The Nobel Prize in Chemistry 1999. " for his studies of the transition states of chemical reactions using femtosecond spectroscopy". Ahmed H. Zewail. Egypt and USA . California Institute of Technology Pasadena, CA, USA . b. 1946.
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"for his studies of the transition states of chemical reactions using femtosecond spectroscopy"
Ahmed H. Zewail
Egypt and USA
California Institute of Technology Pasadena, CA, USA
The "shutter speed" of such a camera must be extremely high since molecules are very small (about 10-9m) and move extremely rapidly (1 000 m/s).
A chemical reaction - up hill and down daleLike everything in nature, molecules strive to reach the lowest possible energy state. This makes it practical to describe reactions using energy surfaces. A molecule on an energy surface tries, like a child in a water-slide, to reach the lowest point. You need enough speed (high energy) to get up over the crest.The picture below shows the ring opening of a cyclo-butane molecule to form two ethylene molecules. Zewail studied this reaction by exciting cyclopentanone molecules with a femtosecond pulse. He could show that this reaction occurs via a transition state living a few hundred femtoseconds. This experiment settled an old argument over whether the reaction takes place in one step with simultaneous breaking of both bonds or in two steps, one bond breaking before the other.
Further readingInformation of the 1999 Nobel Prize in Chemistry (press release): The Royal Swedish Academy of SciencesThe Femtoland web page: www.its.caltech.edu/~femtoThe Birth of Molecules, A.H. Zewail, Scientific American, Vol. 262, Dec. 1990, pp.40-46Laser Femtochemistry, A.H. Zewail, Science, Vol. 242 (1988), pp. 1645-1653Femtochemistry: Recent progress in studies of Dynamics and Control of Reactions and their Transition States, A.H. Zewail, J. Phys. Chem. (Centennial Issue), Vol. 100 (1996) 12701-12Femtochemistry: Ultrafast Dynamics of the Chemical Bond, Vol 1-2, A.H. Zewail. World Scientific 1994 pp.915, ISBN 9810219407Femtosecond Chemistry, Vol 1-2, Eds. J. Manz, L. Wöste. VCH 1995 pp. 916, ISBN 3-527-29062-1Femtochemistry and Femtobiology: Ultrafast Reaction Dynamics at Atomic-Scale Resolution, Nobel Symposium 101.Ed.V. Sundström.World Scientific, Singapore 1997. ISBN 1-86094-039-0The World's Fastest Camera, V.K. Jain. The World and I, October 1995, pp. 156-163Freezing Time - in a Femtosecond, J.S. Baskin and A.H. Zewail, Science Spectra, Issue 14 (1998) pp. 62-71Ten years of Femtochemistry: Time Resolution of Physical, Chemical and Biological Dynamics, A.W. Castleman and V. Sundström (eds.), J. Phys. Chem. - Special Issue (1998), pp. 4021.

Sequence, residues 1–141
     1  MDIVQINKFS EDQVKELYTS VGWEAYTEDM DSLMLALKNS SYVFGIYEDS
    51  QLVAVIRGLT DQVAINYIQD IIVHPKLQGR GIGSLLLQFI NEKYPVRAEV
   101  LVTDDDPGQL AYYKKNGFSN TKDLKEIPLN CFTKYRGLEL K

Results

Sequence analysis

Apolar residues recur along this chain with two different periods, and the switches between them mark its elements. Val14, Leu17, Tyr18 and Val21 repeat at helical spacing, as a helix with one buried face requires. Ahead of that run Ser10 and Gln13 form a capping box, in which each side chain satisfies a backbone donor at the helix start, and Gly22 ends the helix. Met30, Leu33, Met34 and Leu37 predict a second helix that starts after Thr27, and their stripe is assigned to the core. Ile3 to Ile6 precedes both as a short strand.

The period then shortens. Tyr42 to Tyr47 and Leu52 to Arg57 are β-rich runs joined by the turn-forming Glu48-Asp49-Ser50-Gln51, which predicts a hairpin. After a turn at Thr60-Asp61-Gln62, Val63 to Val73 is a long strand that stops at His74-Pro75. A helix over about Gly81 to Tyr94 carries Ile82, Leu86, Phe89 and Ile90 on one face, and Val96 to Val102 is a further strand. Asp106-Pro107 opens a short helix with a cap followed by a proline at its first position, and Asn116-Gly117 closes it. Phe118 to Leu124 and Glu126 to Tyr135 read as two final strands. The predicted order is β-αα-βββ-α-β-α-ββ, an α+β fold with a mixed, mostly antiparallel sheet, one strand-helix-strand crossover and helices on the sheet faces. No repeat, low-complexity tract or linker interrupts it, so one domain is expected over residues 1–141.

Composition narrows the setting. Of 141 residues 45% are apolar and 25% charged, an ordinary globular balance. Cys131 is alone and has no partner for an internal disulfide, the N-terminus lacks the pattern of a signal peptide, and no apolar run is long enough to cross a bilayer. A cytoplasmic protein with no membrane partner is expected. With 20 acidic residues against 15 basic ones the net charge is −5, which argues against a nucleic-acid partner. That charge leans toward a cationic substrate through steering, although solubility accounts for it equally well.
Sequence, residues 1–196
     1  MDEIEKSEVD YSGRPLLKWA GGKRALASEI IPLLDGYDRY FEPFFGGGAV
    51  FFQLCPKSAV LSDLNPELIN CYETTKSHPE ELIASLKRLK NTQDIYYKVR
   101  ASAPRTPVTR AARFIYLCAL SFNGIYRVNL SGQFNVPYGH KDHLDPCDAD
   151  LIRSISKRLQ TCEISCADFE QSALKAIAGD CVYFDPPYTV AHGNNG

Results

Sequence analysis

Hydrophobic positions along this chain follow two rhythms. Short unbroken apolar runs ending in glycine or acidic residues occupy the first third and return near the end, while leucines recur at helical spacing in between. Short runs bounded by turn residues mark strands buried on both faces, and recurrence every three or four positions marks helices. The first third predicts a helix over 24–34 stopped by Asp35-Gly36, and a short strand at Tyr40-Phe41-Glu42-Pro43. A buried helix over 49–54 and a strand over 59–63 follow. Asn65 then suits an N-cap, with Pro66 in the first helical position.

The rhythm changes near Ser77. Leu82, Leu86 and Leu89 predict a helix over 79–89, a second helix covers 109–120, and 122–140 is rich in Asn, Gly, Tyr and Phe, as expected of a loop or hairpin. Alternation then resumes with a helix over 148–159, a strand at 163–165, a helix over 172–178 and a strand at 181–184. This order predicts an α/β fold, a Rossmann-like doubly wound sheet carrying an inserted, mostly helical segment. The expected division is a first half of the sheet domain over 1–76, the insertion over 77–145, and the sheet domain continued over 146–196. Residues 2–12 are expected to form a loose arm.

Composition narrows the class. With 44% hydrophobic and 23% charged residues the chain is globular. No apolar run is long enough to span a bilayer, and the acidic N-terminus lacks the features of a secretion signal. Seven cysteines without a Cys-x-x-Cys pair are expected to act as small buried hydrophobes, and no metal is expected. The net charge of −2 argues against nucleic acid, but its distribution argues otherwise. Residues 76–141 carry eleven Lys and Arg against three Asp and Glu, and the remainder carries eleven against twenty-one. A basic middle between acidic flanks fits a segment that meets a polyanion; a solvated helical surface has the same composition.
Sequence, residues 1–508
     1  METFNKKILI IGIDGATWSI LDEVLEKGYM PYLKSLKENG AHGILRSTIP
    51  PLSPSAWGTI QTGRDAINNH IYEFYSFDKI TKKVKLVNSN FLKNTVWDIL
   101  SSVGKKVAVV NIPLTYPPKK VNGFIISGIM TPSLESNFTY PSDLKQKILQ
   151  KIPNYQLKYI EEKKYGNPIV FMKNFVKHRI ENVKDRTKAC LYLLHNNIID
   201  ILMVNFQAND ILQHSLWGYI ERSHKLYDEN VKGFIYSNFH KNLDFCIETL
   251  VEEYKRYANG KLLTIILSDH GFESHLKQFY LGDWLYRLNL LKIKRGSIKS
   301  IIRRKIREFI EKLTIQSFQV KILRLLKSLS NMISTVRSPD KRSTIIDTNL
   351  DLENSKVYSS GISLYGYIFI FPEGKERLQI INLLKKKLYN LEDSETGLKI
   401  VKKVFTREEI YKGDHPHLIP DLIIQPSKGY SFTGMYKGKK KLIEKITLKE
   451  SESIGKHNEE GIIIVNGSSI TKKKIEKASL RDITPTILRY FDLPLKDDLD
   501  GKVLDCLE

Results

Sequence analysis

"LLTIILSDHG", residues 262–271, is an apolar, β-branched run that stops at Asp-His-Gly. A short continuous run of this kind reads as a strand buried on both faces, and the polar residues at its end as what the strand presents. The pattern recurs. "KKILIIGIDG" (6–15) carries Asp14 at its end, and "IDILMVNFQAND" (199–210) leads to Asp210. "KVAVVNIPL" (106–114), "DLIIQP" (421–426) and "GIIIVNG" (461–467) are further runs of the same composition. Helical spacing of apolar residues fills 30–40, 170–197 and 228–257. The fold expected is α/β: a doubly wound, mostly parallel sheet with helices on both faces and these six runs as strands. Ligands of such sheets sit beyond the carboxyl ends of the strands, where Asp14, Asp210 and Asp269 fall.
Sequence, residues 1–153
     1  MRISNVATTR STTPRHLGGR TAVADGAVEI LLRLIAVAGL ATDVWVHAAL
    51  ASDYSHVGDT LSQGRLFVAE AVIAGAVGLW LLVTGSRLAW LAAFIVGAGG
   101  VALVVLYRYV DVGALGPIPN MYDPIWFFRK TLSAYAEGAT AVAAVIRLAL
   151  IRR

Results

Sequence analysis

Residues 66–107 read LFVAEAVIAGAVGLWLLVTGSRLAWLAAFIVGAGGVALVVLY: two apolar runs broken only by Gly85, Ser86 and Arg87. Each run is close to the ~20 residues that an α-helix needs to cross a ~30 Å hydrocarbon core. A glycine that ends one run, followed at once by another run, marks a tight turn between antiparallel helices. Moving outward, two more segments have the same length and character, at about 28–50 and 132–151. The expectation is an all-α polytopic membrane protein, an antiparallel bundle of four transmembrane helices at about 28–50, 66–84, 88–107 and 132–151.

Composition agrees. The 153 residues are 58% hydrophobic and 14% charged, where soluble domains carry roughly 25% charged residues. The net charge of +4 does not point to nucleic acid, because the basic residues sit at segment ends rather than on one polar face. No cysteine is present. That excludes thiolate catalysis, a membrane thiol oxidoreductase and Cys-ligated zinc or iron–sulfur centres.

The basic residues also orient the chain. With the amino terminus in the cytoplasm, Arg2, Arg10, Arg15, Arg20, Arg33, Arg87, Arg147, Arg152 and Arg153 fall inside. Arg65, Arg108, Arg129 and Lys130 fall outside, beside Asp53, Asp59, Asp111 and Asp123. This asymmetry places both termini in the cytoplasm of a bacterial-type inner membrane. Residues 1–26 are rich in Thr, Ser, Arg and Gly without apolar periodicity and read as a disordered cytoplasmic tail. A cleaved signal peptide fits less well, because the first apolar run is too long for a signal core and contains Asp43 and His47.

During the 1950's chemists were able to establish that
reactions consisting of a single electron transfer, have a welldefined
rate. From one reaction to another the difference may
be as great as that between a snail and an express train. Why?
Rudolph Marcus solved this riddle by considering all the details
of the reaction. Although no bonds are broken during the
reaction, there are still small changes in structure when
electrons are added or removed. The lengths of the chemical
bonds are changed and the molecules of the solvent are thrown
about. Such structural changes require the reorganization
In fig 1, λ is the energy difference between the bottom of
the left parabola (representing the equilibrium positions before
the reaction) and a point vertically above on the upper part of
the other curve (representing the reaction products A/A- before
any atomic positions have been changed).
Marcus was the first to calculate λ. He also realized that the
leap of the electron only requires the energy λ/4 via the
crossing point of the parabolas. The activation energy is thus
Ea = λ/4. One may then, according to well-known principles,
Reaction rate = ν exp(-Ea/kT)
where k is the Boltzmann constant and T the absolute
temperature. The preexponential factor (ν) is the vibration
frequency of the atoms around their equilibrium positions. The
reorganization energy λ, and hence Ea, varies greatly from one
reaction to another. In this way one may explain the great
variations in reaction rate.
the Marcus model to moving the energy curve of the products
(marked D+/A-) down by the amount E. As is evident from fig
2 the activation energy (Ea) is decreased and is instead Ea =
(E-λ)2/4λ. The dependence of the reaction rate on E is then
parabolic, and this theoretical prediction agrees very well with
If the liberated energy E is equal to λ, then Ea will be equal
to zero and the reaction is very fast.